This Aphis (fig. 346) forms a large quantity of white floc-culent wool from its back. It lives mainly on the bark of the trunk, branches, and finer shoots of the Apple, but now and again on Pear, and abundantly on the Wild Crab Apple. It also lives on the roots of Apple trees, where it works in a similar way to the aerial form, sucking out the sap, and by the punctures of their proboscis they cause boillike swellings on young wood, which burst and which later form large rough patches in the crevices of which the insects and others shelter.

The usual form is the plum-coloured wingless female, which is constantly producing pale-yellowish living young. In the summer a winged female brood may appear. The winter is passed amongst moss and lichen on the trees, under rough bark and grafting clay in the wingless female condition above ground, and also as wingless females below ground and on the roots near the butt of the trees. Now and again an autumnal sexual brood occurs, the oviparous female laying a single egg near the base of the tree, and her dried skin remains behind as a covering over it.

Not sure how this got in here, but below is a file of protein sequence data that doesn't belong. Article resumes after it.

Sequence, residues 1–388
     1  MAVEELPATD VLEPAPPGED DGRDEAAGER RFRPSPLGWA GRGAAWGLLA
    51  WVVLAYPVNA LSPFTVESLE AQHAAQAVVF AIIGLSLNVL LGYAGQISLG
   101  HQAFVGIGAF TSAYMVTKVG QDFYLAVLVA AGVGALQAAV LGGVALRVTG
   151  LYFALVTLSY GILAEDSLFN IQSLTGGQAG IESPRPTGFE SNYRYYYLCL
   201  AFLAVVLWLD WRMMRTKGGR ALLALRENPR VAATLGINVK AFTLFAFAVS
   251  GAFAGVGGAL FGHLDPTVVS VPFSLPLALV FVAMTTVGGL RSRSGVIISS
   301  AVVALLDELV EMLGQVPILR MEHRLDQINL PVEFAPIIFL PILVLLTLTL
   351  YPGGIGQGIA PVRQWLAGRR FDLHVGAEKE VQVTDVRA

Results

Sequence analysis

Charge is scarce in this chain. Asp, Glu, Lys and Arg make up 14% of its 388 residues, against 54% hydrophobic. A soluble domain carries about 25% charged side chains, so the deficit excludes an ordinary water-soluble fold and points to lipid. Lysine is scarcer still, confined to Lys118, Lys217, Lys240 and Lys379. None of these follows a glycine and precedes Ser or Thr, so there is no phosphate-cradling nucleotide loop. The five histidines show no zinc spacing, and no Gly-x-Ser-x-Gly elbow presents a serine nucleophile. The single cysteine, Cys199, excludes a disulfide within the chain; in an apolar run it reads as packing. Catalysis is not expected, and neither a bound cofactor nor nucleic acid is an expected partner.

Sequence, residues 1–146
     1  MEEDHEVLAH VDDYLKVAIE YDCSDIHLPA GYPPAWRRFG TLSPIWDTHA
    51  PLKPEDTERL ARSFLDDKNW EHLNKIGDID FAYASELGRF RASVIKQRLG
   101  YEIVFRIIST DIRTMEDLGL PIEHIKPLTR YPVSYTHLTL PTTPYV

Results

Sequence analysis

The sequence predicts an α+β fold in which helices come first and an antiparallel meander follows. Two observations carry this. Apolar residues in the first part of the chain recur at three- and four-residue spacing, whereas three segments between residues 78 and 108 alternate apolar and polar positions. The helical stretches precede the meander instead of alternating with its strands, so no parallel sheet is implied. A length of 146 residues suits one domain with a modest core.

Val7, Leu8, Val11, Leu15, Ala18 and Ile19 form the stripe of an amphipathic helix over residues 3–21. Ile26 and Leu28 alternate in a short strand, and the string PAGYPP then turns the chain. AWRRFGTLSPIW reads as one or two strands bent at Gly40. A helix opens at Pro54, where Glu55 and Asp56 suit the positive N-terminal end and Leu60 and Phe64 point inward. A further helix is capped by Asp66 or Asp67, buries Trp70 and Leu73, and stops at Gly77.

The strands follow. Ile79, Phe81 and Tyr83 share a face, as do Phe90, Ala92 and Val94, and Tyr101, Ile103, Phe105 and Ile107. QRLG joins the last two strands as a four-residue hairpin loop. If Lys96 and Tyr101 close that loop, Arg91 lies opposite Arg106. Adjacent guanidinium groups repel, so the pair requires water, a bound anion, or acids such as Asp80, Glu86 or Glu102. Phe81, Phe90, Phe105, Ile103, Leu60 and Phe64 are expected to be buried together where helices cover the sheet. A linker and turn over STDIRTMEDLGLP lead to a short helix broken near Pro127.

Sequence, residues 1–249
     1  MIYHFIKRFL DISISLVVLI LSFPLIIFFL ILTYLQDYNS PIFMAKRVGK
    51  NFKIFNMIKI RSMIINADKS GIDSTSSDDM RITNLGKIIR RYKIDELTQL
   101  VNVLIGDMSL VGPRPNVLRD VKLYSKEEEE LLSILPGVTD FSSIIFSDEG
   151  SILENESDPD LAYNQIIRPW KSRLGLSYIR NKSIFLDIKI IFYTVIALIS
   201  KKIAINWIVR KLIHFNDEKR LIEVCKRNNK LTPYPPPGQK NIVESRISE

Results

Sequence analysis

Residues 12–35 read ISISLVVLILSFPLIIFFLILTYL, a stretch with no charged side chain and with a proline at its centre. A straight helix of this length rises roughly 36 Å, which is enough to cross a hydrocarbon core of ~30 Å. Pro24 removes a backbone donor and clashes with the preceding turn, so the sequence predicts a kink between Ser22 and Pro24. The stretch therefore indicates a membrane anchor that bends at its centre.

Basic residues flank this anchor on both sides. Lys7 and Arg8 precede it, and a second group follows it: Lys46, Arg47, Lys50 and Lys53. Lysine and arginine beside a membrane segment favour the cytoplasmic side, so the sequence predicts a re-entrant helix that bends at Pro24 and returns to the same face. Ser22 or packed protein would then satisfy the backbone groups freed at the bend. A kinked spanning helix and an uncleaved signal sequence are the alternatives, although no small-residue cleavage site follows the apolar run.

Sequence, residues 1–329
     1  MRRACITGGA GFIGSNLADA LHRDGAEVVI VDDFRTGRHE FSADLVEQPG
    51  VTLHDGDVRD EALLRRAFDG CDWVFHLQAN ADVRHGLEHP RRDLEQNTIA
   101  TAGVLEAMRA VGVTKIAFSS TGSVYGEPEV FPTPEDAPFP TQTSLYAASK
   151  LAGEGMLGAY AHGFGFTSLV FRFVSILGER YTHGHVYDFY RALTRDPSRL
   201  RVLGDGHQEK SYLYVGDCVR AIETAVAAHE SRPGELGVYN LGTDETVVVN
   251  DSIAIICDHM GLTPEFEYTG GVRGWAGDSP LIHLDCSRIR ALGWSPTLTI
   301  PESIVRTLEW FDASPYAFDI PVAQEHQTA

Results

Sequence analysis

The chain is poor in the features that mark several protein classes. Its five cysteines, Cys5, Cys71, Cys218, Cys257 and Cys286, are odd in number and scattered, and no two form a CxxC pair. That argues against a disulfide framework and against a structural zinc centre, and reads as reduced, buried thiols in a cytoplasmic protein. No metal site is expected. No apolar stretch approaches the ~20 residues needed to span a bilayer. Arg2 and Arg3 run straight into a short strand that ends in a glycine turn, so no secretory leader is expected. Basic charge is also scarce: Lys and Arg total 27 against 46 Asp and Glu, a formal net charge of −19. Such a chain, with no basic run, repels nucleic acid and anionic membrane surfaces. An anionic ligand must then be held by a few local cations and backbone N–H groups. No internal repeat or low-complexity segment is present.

Apple Mussel Scale (Lepidosaphces ulmi).

Fig. 345. - Apple Mussel Scale (Lepidosaphces ulmi).

Woolly Aphis or American Blight (Schizoneura lanigera).

Fig. 346. - Woolly Aphis or American Blight (Schizoneura lanigera).


Spraying with paraffin emulsion will destroy the aphis in summer and autumn above ground, but the washing must be done with force; a strong jet must be sent to hit the patches of aphis in the crevices. There is an intimate connection between the Woolly Aphis and canker (see p. 89).

The ground form may be attacked by injecting disulphide of carbon into the soil, 1/2oz. on four sides of the tree about 2 ft. from the trunk and about 6 in. deep, or the earth may be cleared away for 3 ft. around the trunk and the ground soaked with warm paraffin emulsion. In Australia, etc, it is found that the root form does not occur on " Northern Spy" or "Winter Majetin".